Are you currently unemployed, uninsured and sick?

Recently, a friend called me to chat. She’d been out of work for almost one year, and now she was nursing an injury. She’d begun experiencing excruciating pain in her right arm—the one she used most often. But what made a bad situation worse was she’s both unemployed and uninsured.

Kate FergusonDuring the next several weeks, my friend’s pain worsened. After doing research online, she attempted a self-diagnosis. She said she thought she had bursitis, so she tried every home treatment she could find. As time went on, though, her pain got worse.

To help, I volunteered to do some research. I began looking for quick and effective ways she could access care. Soon, it became clear: There’d be no speedy results for her.

In many aspects, my friend fit the profile of the almost 59 million people estimated to have no health insurance for at least part of 2010 (up nearly 4 million from 2009). She was formerly clocking a middle income paycheck; she was between the ages of 18 and 64; and now she had a chronic condition and was forgoing needed medical care. What the hell was she supposed to do?

Well, if you’re unemployed, uninsured and have a health problem that needs medical attention, here’s what some experts advise: Make an ally in the health care system—a doc, nurse, patient rep—because he or she might work with you; if you qualify, apply for state assistance (it’s not a handout—your tax dollars help fund this!) through the Department of Health and Human Services; if you need prescription meds, find out if you can use generics, as those are cheaper; and if there are alternative over-the-counter drugs you can safely substitute, try them.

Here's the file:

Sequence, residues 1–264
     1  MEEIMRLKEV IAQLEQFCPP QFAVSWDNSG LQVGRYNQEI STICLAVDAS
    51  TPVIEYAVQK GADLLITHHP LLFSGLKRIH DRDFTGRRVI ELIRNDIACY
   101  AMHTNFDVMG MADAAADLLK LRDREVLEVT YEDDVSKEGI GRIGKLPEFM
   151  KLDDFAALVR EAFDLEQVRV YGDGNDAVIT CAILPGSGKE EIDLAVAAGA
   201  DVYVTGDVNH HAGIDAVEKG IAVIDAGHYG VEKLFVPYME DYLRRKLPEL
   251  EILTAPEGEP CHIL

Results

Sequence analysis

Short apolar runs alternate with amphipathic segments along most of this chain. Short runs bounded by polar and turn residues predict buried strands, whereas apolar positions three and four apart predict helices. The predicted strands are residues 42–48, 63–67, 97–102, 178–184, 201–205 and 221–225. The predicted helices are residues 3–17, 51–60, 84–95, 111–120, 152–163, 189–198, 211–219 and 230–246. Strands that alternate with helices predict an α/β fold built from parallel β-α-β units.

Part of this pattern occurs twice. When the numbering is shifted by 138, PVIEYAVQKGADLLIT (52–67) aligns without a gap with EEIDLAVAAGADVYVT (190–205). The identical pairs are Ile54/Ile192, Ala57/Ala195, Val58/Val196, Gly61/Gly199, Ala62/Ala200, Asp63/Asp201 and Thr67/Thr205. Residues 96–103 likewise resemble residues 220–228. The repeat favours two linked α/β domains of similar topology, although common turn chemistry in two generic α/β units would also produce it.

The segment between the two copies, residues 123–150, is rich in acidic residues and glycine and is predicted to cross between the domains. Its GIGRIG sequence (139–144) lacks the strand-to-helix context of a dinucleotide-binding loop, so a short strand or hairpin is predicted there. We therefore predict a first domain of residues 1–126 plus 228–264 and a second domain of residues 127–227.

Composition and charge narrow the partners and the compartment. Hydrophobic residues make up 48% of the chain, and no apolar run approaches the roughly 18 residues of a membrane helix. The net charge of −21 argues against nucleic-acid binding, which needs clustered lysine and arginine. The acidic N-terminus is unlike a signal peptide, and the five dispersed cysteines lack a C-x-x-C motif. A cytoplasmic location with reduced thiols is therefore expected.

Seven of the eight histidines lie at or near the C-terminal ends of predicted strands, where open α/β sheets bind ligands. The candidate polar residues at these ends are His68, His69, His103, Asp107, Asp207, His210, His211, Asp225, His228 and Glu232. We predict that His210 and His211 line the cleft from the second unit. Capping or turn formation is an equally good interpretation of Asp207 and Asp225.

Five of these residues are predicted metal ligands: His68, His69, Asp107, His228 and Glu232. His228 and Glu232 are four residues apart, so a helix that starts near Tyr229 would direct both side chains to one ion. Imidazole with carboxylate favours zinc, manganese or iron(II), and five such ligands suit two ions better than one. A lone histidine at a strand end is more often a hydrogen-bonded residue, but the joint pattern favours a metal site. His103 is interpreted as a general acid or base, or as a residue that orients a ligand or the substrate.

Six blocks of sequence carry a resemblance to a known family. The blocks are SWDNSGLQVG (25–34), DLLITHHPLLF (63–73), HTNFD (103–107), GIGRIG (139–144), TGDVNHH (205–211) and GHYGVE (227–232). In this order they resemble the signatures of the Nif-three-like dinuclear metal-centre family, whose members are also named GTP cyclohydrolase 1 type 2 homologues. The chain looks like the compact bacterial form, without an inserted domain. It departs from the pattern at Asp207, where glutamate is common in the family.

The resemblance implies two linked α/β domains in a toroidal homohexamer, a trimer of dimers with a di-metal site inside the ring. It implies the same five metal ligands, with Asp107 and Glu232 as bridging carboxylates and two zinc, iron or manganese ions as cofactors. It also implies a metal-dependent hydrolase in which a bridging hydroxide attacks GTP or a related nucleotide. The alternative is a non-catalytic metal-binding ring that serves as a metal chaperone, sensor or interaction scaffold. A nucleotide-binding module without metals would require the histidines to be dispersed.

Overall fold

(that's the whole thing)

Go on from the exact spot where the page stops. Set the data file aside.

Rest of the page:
In addition, patient advocate Elizabeth Bailey, author of The Patient’s Checklist, advises folks to remember that everything is negotiable. This means be sure to negotiate fees with hospitals and doctors so you never pay full price.

Admittedly, part of the difficulties my friend experienced getting health care stemmed from her reluctance to request help. Pride and poverty are twin evils that stop many people from letting others know they need assistance.

As I helped my friend navigate through the maze of the medical bureaucracy, I could sympathize. Who would want to expose themselves to the possibility of contempt that might accompany requesting charity care?

What’s more, many health care facilities are peopled by uncaring workers who, for any number of reasons, dish out attitude and brusque treatment to those who need care and are at their most vulnerable. Indeed, my friend told me about a few spirit-crushing incidents she’d endured that had made her think twice about reaching out for help.

Still, when you’re faced with failing health and the prospect of making a bad situation worse, I think a reality check is always in order.

What’s worse? Having to put up with nasty attitudes to get your body back to wellness, or not getting your illness treated and then maybe ruining your health forever?

Here’s what I say: Always put your health before your ego.